PARIS — The arrest of two juveniles Monday for an attack on two fellow students has not eased tensions in the Oxford Hills region.

Alishia Sessions, left, and other parents hold signs Tuesday night across from Oxford Hills Comprehensive High School on Route 26 in Paris asking for justice for teens who have been attacked and injured by other teens in Norway and Paris recently. Submitted photo Courtesy of Alishia Sessions

At the recommendation of law enforcement, Oxford Hills Comprehensive High School and Oxford Hills Middle School, both in Paris, were closed Tuesday and Wednesday due to the ongoing violence off school property.

Members of a parents’ group protesting the incidents say they are being harassed and threatened by some of the attackers, their families and friends.

According to Alishia Sessions, whose son was attacked earlier this month by the group, a Snapchat post Tuesday afternoon threatened 14 fights in 14 days.

The attackers, which included at least one female, punched and kicked their defenseless victims after they were knocked to the ground. One of the victims was hospitalized. Two to three bystanders videotaped the fracas and posted it to Facebook. Police used the video to identify the attackers.

In an interview Tuesday, Norway Police Chief Robert Federico said his department has been dealing with this troublesome group of teens for several months. He described them as “rude, loudmouth punks.”


The juveniles have received multiple summonses for their actions, which began in the spring and have escalated in the past month. At least two teens have had contact with the Norway police at least 53 times since May.

“The problem is that the summonses have all been misdemeanors,” Federico said. “We can’t do anything further.”

Federico admitted to being frustrated with the juvenile justice system. Even with multiple misdemeanor offenses, little has been done to quell the violence. Because the charges are misdemeanors, the juvenile system releases the teens to their parents or guardians, and the cycle of violence continues. The chief said he wishes the multiple of misdemeanor charges would add up to something more serious.

Norway police have tried placing conditions on the juveniles’ release.

“The conditions we did were curfews, some of them had conditions not to return to the town of Norway,” Federico said. “The mother of one of them would still bring her son to Norway.

“It’s been quite a battle here,” he added.


The attack Friday on the Viking Trail between the high and middle schools that sent one of the victims to the hospital was the kind of escalation Federico feared with the growing tension and the increasing level of violence. The injuries and the video evidence allowed Paris police to charge two of the teens with aggravated assault instead of a misdemeanor.

More charges are likely, Paris Police Chief Michael Dailey said Monday, but no one else was charged Tuesday.

In an attack in Norway over the weekend near Rowe Elementary School, the attackers used their scooters to beat one of their victims, Sessions said. Fortunately, the boy escaped serious injury. No charges have been brought in that case.

Sessions said the lack of consequences has emboldened the group.

“They feel they can get away with anything they want,” Sessions said.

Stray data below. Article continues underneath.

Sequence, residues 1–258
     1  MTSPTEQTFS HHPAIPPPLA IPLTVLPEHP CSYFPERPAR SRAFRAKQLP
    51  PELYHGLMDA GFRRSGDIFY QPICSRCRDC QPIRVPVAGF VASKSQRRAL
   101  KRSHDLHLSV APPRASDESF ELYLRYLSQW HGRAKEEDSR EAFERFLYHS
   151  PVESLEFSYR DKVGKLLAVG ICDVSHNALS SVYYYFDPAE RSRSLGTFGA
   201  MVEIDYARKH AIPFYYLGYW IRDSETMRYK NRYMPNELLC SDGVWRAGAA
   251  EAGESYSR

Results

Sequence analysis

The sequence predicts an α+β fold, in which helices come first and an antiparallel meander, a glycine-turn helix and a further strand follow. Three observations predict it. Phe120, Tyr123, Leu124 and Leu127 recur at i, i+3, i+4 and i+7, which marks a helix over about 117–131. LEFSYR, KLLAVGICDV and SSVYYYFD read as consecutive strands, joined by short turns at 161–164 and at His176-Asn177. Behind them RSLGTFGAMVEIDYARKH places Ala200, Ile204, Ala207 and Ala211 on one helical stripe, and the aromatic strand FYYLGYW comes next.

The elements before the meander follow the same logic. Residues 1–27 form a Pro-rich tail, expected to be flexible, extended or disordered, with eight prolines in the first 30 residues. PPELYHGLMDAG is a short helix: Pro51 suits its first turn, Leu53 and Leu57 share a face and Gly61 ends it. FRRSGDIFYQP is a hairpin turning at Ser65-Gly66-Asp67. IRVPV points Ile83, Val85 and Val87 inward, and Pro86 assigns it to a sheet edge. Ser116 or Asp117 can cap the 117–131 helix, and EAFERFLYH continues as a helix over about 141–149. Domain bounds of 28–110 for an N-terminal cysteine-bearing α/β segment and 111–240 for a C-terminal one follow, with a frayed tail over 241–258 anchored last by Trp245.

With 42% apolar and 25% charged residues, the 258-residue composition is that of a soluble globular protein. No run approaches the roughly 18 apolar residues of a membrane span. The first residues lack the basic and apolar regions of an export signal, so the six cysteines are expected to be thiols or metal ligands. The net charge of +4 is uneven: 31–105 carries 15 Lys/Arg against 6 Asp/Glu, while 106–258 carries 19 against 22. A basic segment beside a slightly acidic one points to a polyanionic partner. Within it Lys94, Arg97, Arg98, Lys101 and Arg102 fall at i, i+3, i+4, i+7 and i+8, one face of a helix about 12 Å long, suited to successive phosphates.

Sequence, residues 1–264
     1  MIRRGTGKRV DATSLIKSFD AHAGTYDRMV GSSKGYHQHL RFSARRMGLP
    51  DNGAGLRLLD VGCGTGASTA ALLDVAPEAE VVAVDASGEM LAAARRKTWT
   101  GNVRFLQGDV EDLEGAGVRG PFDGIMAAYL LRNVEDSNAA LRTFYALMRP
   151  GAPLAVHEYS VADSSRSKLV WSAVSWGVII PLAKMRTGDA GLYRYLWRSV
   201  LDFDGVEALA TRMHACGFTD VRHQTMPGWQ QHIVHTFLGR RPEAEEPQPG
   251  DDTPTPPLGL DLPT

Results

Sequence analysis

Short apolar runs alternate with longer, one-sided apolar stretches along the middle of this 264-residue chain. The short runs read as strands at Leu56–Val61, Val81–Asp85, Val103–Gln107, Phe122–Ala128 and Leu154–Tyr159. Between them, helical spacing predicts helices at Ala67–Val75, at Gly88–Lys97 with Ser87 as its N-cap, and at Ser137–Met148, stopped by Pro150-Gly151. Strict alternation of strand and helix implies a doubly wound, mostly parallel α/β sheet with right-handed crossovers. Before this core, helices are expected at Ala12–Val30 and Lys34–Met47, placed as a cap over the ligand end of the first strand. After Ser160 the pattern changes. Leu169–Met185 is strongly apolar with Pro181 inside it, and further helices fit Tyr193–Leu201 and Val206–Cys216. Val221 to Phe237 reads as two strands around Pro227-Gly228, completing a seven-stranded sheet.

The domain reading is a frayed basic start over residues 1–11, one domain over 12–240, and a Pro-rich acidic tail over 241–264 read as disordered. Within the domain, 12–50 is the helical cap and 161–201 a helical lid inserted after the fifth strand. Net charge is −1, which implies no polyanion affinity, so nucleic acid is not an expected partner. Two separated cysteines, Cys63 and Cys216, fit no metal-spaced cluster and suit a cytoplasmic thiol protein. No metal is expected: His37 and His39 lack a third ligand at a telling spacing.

At the urging of law enforcement, SAD 17 Superintendent Rick Colpitts closed the high and middle schools Tuesday and Wednesday.


“Due to an event that occurred outside of school over the weekend and at the recommendation of local law enforcement, we will be holding school remotely for the next two days, September 29 and 30. All students will follow their schedule remotely,” according ot the message posted on Facebook.

The closures effect students in the district towns of Paris, Norway, Waterford, West Paris, Otisfield, Oxford, Harrison and Hebron,

While Viking Trail connects the high school and the middle school, Colpitts said the trail is not SAD 17 land. Any expulsion or other disciplinary actions would wait until the completion of the police investigation. He said his utmost concern is the safety of the SAD 17 student body.

The parent group protested along Route 26 across from the high school Monday evening. Their goal was to bring attention to the ongoing problem and seek justice for their children, who they say have been taunted and physically attacked.

Despite being heckled and threatened by some of the attackers, the group was back Tuesday in front of the courthouse on Western Avenue in Paris, half a dozen or so holding signs.

The family of one of the juveniles arrested arrived and began shouting and threatening the group. Paris police said no one was arrested, but Sessions said at least two received summonses, one from each group.


Sessions said her group was returning to the high school Tuesday evening and planned to continue holding signs seeking justice.

To deescalate the situation, Federico said all sides must be held accountable.

“We all have to do our jobs,” Federico said. “If the parents aren’t being held accountable and the police  are, it’s a broken system. If the parents are held accountable and the police are not, it is a broken system.”

“We have the documentation. We’ve done our part,” he added.

Sessions said she won’t be intimidated.

“People are scared,” she said. “They’re being threatened. They feel their kids will be next if they speak out. That’s what we’re trying to stop.”

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